Wednesday, March 13, 2013

All Reading Leads to Rome

               I am a avid reader of non-fiction history and it is usually while I’m reading that some sentence or fact will make me sit up and say “What a great idea for a story.” The idea for Mask of the Gladiator first came to me while I was reading a book on the lives of the Roman emperors. Something about Caligula’s demise, the real PG version, not the XXX version that has also survived the ages, caught my attention. The story wouldn’t let go until I’d crafted it into a tale in which regular people get caught up in the life and death events of their era with a great romance and sex thrown in because hey, after all, this is Rome.

Having read many books on ancient Rome, I knew a great deal about the era but needed more details on the nitty-gritty of daily life under Caligula. Thankfully, researching ancient Rome was, in many ways, easy. The Romans, thanks to the length of their empire, left a lot of material, both written and physical about their lives, and these artifacts are scattered everywhere from Britain to Germany. I remember during my first trip to England marveling as I stood on a medieval wall looking down on the ruins of a Roman amphitheatre. You don’t find that kind of history where I live in California. Here, most people think Mid-Century Modern is an era of antiquity.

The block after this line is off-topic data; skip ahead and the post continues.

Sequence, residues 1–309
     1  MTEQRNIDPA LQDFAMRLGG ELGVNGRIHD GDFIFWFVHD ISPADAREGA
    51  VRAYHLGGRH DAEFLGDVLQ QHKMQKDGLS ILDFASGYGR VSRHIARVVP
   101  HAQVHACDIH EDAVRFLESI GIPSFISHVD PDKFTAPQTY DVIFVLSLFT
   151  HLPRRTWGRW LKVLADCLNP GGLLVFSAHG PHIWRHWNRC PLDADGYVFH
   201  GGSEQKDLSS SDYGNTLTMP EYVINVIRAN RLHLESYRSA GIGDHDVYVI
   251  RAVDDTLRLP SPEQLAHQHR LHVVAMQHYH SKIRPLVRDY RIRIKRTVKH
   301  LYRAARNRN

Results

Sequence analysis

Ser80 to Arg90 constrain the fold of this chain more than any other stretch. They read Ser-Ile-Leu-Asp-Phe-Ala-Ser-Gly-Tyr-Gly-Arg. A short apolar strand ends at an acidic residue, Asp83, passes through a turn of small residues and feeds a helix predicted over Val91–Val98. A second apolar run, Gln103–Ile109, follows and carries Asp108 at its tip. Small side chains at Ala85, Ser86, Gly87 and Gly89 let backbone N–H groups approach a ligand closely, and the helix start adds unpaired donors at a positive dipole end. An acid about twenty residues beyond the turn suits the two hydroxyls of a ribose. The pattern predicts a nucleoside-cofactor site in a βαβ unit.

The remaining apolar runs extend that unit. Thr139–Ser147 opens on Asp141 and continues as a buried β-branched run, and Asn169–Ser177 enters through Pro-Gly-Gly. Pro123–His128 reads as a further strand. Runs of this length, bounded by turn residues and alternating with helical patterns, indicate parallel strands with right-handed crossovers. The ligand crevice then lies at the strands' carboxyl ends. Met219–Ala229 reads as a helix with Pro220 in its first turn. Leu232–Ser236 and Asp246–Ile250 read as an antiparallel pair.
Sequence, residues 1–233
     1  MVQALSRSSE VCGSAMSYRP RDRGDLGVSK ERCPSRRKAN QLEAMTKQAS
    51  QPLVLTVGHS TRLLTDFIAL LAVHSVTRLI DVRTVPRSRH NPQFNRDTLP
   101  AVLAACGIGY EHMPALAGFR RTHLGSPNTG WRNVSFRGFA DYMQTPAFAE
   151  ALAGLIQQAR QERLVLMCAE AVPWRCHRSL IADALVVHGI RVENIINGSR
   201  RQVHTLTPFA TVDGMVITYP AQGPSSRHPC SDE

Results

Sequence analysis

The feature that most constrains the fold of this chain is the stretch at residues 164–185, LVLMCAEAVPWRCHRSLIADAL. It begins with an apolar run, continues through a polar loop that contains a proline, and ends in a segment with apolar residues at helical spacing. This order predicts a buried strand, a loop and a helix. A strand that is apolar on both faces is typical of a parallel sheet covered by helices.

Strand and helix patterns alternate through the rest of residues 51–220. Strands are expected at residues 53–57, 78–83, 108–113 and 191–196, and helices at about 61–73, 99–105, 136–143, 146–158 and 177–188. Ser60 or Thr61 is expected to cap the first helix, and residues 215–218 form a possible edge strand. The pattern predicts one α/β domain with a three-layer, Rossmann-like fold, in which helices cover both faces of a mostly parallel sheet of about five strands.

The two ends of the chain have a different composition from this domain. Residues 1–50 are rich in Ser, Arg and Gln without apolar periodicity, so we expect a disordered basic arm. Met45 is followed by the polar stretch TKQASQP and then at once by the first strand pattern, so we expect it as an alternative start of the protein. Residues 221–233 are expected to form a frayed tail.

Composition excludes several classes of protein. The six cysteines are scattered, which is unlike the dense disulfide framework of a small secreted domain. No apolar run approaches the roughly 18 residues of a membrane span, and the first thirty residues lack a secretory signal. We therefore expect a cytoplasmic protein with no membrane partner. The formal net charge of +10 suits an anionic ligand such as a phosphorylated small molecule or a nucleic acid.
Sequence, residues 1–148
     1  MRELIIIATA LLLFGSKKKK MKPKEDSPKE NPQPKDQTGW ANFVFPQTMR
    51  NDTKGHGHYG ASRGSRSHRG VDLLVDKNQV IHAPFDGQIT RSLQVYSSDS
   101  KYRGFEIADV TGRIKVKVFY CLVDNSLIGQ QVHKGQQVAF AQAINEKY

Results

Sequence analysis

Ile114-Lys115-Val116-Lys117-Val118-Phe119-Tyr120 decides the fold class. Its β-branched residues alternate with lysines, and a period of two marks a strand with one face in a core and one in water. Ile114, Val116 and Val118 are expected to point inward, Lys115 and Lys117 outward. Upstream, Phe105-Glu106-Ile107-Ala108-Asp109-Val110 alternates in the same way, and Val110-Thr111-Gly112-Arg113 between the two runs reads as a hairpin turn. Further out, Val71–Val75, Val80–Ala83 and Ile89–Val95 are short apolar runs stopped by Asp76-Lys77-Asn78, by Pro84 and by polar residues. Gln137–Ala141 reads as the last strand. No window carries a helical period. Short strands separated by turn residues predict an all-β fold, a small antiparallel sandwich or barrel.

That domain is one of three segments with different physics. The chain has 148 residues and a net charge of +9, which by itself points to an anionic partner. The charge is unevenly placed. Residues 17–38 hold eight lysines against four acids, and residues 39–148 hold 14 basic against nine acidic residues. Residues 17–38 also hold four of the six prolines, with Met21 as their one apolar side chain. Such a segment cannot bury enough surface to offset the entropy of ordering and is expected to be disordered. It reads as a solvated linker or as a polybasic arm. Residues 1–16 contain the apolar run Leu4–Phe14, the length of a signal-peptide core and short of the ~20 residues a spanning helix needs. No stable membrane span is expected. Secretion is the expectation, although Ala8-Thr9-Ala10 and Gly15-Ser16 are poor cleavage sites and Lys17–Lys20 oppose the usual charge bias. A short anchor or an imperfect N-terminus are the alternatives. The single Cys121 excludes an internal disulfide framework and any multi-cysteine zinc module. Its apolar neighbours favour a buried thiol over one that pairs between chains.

The wealth of information on the ancient Romans made research both interesting and easier. Thanks to surviving statues of Caligula, I was able to base my descriptions of the emperor on his busts instead of having to extract details from ancient sources, most of which were not flattering. For details on Caligula’s assassination, I turned to Justinian and Suetonius. Their accounts, though not exactly first hand, are well fleshed out, if not blatantly exaggerated in a few spots. I incorporated details from their stories into my story while adding a few of my own in order to better weave the main characters, Livia and Titus, into the historical events. In regards to the daily life of the nobility, there were endless resources available from the excavation at Pompeii to modern research books detailing the archeological evidence. 

While this wealth of historical information is great, it can also be overwhelming and at times distracting. Sometimes, especially if you’ve ever read any books in the History of Private Life series, more details exist than you actually want to know about. It is a challenge deciding what to include or leave out and how true to the time period to stay without forcing the readers to keep Googling archaic terms. In the end, I think I struck a good balance between fact and fiction and created a compelling story that is both true to history and romance. I hope readers think so too.  

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